Drinking water isn’t recommended in Peru. Avoid drinks with ice and make sure to peel fruit before eating it. Help the environment and try to avoid buying bottled water. Instead, fill a reusable water bottle with filtered water. Your leader or hotel can tell you where to find filtered water.
Most hotels, large retailers and tourist attractions accept credit cards but will usually charge a fee (about 7%) for using them. Expect to pay cash when dealing with small vendors, family-run restaurants and market vendors.
ATMs are widely available in larger cities and regional centres, but are far less common in remote and rural areas. Make sure you have enough cash before leaving urban areas.
Absolutely. All passengers travelling with Geckos are required to purchase travel insurance before the start of your trip. Your travel insurance details will be recorded by your leader on the first day of the trip. Due to the varying nature, availability and cost of health care around the world, travel insurance is very much an essential and necessary part of every journey.
For more information on insurance, please go to: Travel Insurance
Jan 1: New Year’s Day
April 14: Good Friday
May 1: Labour Day
June 24: Inti Raymi
June 29: Feast of St Peter and St Paul
July 28-29: National Independence Days
Aug 30: Feast of Santa Rosa de Lima
Oct 8: Battle of Angamos Day
Nov 1: All Saints Day
Dec 8: Feast of the Immaculate Conception
Dec 25: Christmas
For a current list of public holidays in Peru go to: https://www.worldtravelguide.net/guides/south-america/Peru/public-holidays/
No vaccines are required in order to enter Peru but some are recommended for protection against disease. Visit your doctor or travel clinic for advice and make sure to schedule vaccinations 4-6 weeks before your departure date, as some require time to become effective.
1. Hepatitis A (transmitted through contaminated water)
2. Typhoid (transmitted through contaminated water)
3. Yellow Fever (transmitted by mosquitos): This vaccination is recommended if you’re visiting Puno or the Amazon. Some countries require a valid yellow fever vaccination certificate for entry after visiting Peru. Do your research before leaving home to see if you require this vaccine.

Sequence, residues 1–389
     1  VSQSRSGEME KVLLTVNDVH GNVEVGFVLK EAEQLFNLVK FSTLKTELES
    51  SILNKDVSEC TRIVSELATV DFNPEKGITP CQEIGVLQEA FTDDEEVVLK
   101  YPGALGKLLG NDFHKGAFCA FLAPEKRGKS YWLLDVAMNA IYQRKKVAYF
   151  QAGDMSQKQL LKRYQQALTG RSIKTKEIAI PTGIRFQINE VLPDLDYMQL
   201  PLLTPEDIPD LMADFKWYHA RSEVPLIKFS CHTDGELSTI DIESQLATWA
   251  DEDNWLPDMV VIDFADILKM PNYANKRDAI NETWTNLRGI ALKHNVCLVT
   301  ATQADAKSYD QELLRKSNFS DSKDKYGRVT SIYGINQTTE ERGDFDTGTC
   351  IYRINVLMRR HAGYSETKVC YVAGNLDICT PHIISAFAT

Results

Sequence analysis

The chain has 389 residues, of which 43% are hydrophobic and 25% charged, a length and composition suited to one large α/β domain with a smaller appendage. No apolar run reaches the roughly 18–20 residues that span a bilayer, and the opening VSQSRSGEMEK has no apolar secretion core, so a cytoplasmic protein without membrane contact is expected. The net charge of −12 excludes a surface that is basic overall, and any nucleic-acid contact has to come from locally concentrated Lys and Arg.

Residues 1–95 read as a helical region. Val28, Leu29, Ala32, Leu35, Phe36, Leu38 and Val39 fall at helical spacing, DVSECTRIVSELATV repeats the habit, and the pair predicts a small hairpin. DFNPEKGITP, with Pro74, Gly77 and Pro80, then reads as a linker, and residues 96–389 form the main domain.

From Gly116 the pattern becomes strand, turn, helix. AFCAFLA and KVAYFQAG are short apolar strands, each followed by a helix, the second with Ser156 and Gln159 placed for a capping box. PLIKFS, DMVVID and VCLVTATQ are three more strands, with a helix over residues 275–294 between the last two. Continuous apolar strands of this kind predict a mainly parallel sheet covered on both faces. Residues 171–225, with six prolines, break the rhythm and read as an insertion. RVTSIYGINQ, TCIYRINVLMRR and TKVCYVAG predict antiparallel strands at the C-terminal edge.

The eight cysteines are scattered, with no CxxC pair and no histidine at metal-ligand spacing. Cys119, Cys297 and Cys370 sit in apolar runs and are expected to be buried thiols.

Most people start to experience altitude sickness when they are more than 2,500 metres above sea level. Many popular tourist spots including the Inca Trail, Machu Picchu, Cusco, Puno, Colca Valley and Lake Titicaca are all above this elevation. Avoid alcohol and exercise before your body has adjusted when visiting these parts, drink plenty of water and talk to your doctor about possible medication. Peruvians also have their own method for treating the effects of altitude – try chewing coca leaves or drinking coca tea.
Dengue fever, malaria and yellow fever are all mosquito-transmitted diseases found in certain parts of Peru. Malaria is not generally found in highland tourist areas (Puno, Cusco, Machu Picchu). But make sure to bring anti-malarial medication if you are planning on visiting areas of lower elevation (less than 2000m). You can also protect yourself by wearing light coloured clothing when travelling in these parts and by using a good bug repellent.
While it might be common to see rainbow flags displayed throughout the Andes, this is in fact the flag of the Inca Empire and not a gay pride flag. Peru is a conservative, Catholic country where LGBTQI-rights are still developing. Many members of the LGBTQI community don’t publicly identify themselves and generally Peruvians will tolerate homosexuality on a ‘don’t-ask-don’t-tell’ basis. While Lima may be more tolerant towards LGBTQI-travellers, it’s advised that you should exercise caution when travelling in country areas.
Top Peru travel deals
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Lima to Lima
Lima to La Paz
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|The Inca Trail||